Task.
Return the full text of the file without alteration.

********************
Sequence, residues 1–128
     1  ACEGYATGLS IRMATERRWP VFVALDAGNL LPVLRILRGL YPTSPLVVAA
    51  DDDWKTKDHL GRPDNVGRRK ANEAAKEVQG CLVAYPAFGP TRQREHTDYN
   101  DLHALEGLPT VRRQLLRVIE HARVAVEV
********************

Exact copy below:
Sequence, residues 1–128
     1  ACEGYATGLS IRMATERRWP VFVALDAGNL LPVLRILRGL YPTSPLVVAA
    51  DDDWKTKDHL GRPDNVGRRK ANEAAKEVQG CLVAYPAFGP TRQREHTDYN
   101  DLHALEGLPT VRRQLLRVIE HARVAVEV